2. Finding the value of “the village”: And learning the positivity that humility and being humble can bring! It is being grateful for the friend who sits on our couch in the early morning hours, calling others to offer support, after you have spent the night in ambulances and emergency rooms. It is allowing others to rearrange your entire day’s schedule, offering notices for cancelled meetings and informing others. It’s grandmothers who religiously drive your son to/from his twice-weekly therapy sessions, held in a town 30 minutes away. It is listening from a bed while you snuggle your precious baby, and others are cleaning your kitchen, folding laundry, vacuuming, and cooking meals.

It is watching your friends follow your peanut throughout your home with watchful, second-mothers’ eyes to ensure he is safe as he climbs atop bunk beds, shelves and into sinks, exploring the world. It is a childcare provider who, I believe only by the grace of God, brings forward a perfect complement of life experience, love, knowledge and patience each day so I am able to feel comfortable going to work every day. It is a primary care provider I am able to call for any concern day/night, who genuinely cares about our family as a whole. It is a team of community responders who know Gabe, remain vigilant to respond if needed, and who have offered excellent care and advocacy time and time again. It is educators who take the time to learn as they provide creative effort to teach, with a focus on inclusion and relationships. It is our community who genuinely cares and checks in, while at the grocery store or gas station.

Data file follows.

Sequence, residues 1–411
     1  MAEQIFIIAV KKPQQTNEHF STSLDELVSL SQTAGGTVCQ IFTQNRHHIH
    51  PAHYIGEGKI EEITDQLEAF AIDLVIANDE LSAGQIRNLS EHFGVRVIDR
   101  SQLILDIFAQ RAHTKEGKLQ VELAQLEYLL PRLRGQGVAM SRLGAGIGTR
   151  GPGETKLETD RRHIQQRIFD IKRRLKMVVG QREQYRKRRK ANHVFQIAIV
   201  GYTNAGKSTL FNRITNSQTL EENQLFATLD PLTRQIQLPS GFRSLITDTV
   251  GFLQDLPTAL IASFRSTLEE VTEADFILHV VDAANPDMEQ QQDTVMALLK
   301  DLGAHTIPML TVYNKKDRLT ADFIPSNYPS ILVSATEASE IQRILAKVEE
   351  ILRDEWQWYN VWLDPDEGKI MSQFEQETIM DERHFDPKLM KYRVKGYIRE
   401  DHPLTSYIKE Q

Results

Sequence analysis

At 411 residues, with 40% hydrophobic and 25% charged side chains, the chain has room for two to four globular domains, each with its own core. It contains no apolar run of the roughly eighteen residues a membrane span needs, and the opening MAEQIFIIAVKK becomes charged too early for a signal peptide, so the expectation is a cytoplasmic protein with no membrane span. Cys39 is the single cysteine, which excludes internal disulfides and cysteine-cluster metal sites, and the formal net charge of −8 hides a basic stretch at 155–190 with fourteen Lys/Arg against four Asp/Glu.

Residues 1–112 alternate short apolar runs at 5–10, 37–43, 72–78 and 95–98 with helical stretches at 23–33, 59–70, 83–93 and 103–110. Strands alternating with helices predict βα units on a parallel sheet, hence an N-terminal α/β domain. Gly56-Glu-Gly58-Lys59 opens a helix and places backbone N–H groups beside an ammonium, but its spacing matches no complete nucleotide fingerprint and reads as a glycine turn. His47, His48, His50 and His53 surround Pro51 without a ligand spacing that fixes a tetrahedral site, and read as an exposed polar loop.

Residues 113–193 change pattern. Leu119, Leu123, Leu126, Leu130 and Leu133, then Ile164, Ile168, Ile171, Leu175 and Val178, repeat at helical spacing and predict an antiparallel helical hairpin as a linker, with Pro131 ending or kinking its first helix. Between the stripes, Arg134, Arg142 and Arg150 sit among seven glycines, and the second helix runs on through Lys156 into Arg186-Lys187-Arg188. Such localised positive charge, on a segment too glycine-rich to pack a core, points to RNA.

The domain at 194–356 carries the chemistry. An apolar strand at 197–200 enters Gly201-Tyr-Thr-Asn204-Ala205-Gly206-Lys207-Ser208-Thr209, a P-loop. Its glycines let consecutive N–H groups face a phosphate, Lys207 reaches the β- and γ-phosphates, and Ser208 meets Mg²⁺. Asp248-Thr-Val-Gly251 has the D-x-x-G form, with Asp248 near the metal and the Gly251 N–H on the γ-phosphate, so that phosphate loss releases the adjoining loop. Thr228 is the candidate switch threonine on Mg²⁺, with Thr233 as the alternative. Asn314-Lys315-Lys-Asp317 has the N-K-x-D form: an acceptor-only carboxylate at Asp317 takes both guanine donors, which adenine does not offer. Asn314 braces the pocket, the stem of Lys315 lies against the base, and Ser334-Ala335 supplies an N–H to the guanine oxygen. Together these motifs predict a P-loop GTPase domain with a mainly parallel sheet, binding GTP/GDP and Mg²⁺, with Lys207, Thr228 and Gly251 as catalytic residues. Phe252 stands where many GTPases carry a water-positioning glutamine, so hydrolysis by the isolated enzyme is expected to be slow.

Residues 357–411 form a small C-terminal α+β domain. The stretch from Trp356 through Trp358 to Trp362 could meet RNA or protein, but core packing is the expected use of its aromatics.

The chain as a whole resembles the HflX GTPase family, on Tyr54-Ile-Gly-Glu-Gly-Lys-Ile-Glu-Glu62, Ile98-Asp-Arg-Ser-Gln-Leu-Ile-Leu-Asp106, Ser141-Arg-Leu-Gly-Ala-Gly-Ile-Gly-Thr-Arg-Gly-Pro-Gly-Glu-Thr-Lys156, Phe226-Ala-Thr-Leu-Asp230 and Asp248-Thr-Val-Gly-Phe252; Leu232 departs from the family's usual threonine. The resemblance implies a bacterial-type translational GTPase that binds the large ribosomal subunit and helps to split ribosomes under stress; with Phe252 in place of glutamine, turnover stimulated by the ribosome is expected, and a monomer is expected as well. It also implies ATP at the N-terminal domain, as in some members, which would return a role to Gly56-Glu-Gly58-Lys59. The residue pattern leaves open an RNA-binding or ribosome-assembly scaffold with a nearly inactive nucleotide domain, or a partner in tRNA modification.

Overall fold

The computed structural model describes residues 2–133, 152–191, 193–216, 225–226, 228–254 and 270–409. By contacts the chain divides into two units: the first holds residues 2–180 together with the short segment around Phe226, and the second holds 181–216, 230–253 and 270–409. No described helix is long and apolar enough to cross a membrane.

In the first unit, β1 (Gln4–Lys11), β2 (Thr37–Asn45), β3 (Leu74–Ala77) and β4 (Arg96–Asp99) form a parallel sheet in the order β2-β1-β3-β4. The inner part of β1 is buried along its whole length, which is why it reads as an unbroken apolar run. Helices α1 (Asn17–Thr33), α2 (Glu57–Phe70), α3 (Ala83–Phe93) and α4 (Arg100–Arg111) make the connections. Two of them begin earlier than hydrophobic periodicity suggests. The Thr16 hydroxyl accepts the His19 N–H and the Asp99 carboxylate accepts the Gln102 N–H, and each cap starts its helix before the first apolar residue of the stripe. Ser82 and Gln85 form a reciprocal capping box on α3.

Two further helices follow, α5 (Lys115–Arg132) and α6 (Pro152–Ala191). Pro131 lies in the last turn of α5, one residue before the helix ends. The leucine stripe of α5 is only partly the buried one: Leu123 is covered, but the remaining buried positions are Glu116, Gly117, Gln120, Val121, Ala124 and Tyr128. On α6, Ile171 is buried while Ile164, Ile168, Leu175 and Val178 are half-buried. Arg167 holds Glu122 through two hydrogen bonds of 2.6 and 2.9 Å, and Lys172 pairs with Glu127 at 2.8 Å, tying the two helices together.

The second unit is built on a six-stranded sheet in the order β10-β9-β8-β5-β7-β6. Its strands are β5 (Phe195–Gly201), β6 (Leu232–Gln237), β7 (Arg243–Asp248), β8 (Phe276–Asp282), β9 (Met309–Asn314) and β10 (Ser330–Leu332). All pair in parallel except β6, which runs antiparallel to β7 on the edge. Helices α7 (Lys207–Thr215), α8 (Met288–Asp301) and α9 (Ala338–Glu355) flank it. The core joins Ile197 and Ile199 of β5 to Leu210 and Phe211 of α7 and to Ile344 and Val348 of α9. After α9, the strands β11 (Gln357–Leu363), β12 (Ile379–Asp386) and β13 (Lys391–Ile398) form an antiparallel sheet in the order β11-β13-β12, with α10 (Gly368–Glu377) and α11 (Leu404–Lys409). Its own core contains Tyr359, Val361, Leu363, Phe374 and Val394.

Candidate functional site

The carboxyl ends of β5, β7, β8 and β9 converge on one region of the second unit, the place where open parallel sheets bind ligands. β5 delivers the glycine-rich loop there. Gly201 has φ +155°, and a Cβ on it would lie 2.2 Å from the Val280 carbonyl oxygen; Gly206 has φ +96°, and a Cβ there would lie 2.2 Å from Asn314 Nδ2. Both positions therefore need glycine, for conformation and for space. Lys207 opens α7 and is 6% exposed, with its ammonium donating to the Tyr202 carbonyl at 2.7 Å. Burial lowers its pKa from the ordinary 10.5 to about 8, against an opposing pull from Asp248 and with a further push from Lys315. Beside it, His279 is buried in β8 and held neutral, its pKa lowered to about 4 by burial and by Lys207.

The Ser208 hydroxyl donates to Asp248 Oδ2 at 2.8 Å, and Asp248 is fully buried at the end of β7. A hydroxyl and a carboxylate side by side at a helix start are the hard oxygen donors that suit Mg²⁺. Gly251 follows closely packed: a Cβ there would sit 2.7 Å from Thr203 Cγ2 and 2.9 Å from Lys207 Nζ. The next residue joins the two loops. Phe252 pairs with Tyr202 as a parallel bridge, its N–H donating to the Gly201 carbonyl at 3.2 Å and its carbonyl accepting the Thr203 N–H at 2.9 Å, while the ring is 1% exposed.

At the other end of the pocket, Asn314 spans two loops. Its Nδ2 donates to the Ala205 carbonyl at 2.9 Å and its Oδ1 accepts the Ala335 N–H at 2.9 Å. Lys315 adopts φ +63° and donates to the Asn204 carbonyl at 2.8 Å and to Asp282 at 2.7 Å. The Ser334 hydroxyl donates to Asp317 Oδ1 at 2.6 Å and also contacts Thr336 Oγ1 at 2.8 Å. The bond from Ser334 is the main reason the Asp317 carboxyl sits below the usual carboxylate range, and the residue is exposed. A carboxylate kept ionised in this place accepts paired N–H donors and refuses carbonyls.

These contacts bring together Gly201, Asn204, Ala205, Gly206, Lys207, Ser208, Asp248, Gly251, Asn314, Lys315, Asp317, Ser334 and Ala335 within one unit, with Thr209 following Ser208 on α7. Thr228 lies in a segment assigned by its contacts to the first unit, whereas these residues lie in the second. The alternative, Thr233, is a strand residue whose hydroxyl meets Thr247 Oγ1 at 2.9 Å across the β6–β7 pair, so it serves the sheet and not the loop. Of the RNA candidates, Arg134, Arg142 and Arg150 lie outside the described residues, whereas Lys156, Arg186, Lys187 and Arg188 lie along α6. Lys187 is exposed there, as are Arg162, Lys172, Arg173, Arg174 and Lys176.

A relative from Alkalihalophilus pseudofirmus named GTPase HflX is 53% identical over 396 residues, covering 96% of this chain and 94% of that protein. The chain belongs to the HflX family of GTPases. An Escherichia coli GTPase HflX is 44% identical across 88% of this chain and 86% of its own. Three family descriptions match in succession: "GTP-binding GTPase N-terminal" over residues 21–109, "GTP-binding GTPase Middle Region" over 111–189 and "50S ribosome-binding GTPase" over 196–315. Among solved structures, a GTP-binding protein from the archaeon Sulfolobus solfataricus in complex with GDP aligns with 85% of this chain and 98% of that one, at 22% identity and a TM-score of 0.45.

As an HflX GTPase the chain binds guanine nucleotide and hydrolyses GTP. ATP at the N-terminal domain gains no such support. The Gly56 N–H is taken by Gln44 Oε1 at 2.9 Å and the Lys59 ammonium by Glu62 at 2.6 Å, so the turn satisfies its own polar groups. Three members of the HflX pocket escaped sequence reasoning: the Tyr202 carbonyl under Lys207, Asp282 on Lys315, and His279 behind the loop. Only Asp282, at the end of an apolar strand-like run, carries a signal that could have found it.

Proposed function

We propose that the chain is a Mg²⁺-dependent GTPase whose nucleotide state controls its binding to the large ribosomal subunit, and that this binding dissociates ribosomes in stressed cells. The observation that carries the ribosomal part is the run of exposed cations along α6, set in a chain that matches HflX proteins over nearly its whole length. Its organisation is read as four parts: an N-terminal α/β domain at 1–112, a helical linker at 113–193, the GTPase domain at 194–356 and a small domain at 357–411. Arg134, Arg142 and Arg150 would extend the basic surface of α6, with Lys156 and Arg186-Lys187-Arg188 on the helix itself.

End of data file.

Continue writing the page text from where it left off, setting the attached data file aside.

3. Falling in love with your partner over and over, for reasons you never would have anticipated: After 17 years together, it’s getting to observe that the characteristics you fell in love with were only a baseline, and that his protective nature, intelligence and compassion will multiply by 100 when it comes to meeting the needs of his family. It is watching him snuggle in his bugs, countless times throughout the night, with patience, love, hugs and kisses. It is watching him repeatedly pick up thrown objects, clean up messes, and wrap up our Mr. in a hug after a meltdown. It is being able to support one another when the other needs lifting, and synonymously catching one another’s knowing eye when daily successes are a means to celebrate.